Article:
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High-tech retail kiosks drive sales, boost brands

HIGH POINT — Two companies have partnered to bring the latest in furniture kiosks to retail showrooms designed to drive purchase conversions, allow manufacturers to provide consistent brand management and help dealers take some of the sting out of showrooming.

 Natuzzi, Eyeconic, GET InteractiveConsumers can use these computerized kiosks from Eyeconic and GET Interactive in Natuzzi stores. The companies plan to announce other users of the kiosks early next year.

The companies are Kentucky-based Eyeconic, headed by CEO Jeremy Jacobs, and North Carolina-based GET Interactive, a home furnishings-specific company headed by industry veteran Rick Harrison.

Kiosks serve as computerized way stations that allow consumers to do everything from perusing manufacturers' product catalogs to buying product and scheduling delivery.

The kiosks are already in use at Natuzzi. The companies say they plan to announce other users at the winter Las Vegas Market.

Among the capabilities of the kiosk, the companies say, are driving sales by giving consumers more product choices via a kiosk catalog, incorporating third party technology such as room planners and fabric drapery capabilities to allow consumers to customize products, taking credit applications and telling consumers (and the store) how much credit they have to spend. Kiosks also allow consumers to swipe a card, make a purchase and schedule delivery.

Since it can do several things a sales associate traditionally does, it can also be a tool for reducing staff costs and training, the companies say.

"This is a broad-based integrated solution," said Harrison, maintaining that less enlightened equipment can be nothing more than "a glorified catalog. This provides the opportunity to take every single one of the retailer's goals from a marketing and/or commerce perspective and couple them with manufacturers' goals, and push them forward into an engaged retail environment that allows consumers to accomplish their goals right at the point of contact.

"The brand can tell the story, the retailer can tell his story, it can take place there on the screen," he added. "Consumers can design their own products and schedule delivery and a transaction can take place right there on the screen."

Since the kiosk program is an integrated solution, manufacturers aren't required to reinvent the wheel and can use systems they already have, he said.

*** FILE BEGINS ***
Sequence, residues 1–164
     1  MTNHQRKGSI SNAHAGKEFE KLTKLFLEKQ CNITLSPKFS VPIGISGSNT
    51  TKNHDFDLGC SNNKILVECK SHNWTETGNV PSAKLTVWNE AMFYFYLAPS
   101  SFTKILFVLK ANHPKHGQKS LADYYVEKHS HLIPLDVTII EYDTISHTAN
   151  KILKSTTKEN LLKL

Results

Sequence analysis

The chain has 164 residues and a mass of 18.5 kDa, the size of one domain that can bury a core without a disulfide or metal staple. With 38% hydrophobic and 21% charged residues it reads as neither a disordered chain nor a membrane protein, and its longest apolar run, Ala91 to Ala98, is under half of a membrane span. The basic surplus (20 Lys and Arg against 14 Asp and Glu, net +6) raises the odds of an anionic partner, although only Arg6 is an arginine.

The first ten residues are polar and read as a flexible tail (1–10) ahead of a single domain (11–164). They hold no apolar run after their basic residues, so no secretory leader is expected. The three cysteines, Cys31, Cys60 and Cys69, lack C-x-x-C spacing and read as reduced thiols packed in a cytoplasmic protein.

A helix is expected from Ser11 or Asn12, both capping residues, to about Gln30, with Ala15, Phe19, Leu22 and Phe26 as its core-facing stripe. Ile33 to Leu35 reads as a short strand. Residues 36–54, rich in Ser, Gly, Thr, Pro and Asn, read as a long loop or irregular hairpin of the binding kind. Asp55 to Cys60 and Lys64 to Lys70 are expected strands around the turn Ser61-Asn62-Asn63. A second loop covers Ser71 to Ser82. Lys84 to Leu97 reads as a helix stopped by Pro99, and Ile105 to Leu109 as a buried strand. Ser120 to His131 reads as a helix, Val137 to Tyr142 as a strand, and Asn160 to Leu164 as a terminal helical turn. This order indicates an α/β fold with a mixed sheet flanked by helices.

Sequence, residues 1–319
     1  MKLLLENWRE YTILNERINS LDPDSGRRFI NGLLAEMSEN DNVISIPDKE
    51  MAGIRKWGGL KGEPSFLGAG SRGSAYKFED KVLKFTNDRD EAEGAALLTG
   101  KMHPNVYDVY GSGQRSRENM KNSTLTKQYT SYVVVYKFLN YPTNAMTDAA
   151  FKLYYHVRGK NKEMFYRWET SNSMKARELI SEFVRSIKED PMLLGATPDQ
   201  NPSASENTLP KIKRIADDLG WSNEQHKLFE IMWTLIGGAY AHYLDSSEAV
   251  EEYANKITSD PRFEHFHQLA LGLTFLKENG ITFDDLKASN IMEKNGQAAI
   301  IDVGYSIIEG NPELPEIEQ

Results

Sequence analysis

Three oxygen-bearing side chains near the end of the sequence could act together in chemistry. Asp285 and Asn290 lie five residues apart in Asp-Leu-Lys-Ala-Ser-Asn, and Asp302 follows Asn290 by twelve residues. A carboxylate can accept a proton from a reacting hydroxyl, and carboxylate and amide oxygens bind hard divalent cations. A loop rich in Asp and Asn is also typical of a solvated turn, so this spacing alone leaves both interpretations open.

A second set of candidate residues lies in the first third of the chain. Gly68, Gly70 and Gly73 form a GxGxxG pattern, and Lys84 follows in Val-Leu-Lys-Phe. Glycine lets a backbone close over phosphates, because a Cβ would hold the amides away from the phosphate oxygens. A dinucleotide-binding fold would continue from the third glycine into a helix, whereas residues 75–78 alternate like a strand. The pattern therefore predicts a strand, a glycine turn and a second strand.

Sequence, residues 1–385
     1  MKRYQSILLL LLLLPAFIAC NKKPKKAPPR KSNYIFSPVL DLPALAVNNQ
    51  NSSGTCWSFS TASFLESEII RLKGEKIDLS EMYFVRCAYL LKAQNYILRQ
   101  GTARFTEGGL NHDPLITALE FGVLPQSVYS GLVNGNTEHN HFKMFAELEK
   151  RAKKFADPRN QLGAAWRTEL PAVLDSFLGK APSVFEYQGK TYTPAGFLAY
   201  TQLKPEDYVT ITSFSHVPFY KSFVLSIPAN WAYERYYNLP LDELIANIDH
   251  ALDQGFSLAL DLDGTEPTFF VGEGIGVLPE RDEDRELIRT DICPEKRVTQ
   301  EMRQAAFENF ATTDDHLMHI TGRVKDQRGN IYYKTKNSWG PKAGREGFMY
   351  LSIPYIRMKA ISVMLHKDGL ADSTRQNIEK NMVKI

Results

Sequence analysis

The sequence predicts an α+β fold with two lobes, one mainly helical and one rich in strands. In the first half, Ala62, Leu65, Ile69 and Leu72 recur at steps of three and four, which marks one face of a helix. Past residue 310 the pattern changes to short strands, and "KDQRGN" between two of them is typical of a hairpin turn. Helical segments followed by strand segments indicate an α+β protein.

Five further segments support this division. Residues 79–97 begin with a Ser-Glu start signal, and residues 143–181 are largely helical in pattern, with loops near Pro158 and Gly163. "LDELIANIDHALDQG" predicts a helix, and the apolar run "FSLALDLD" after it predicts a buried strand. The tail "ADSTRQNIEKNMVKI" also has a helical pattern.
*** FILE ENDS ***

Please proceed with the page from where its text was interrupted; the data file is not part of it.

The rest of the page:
The companies recently added MicroD video catalog capabilities, and have incorporated other solutions to allow a kiosk program to be friendly to programs already used by the industry.

"This can be customized. At the top of your macro level, it's an instantaneous global tool. Push a button and everybody gets the same thing everywhere. Conversely, this can be customized down to a single store," Harrison said.

Specifically, if a retailer has stores in both high-end and modest neighborhoods, it can tailor sales accordingly, using higher-end product in more ritzy areas. Other information also can be targeted to locations, such as a specific sofa "available at this store only."

"It's a one-stop technology shopping center," said Jacobs.

Kiosks can also push products that a manufacturer aggressively wants to promote.

The system also provides analytics and tracking "to know which buttons people are touching so you can say, ‘Hey, this isn't working'," said Jacobs. "Maybe you thought something was important to your customers but it doesn't seem to be. You can make the real estate on the kiosk work for you."

For consumers who "showroom" - shop at stores and then buy online if they find a better price - the kiosk is an if-you-can't-beat-them, join-them tool, the companies say. A dealer can include Internet access at a kiosk so consumers can compare prices on-site, giving the retailer an opportunity to match the price or offer offsetting incentives to go for the sale.

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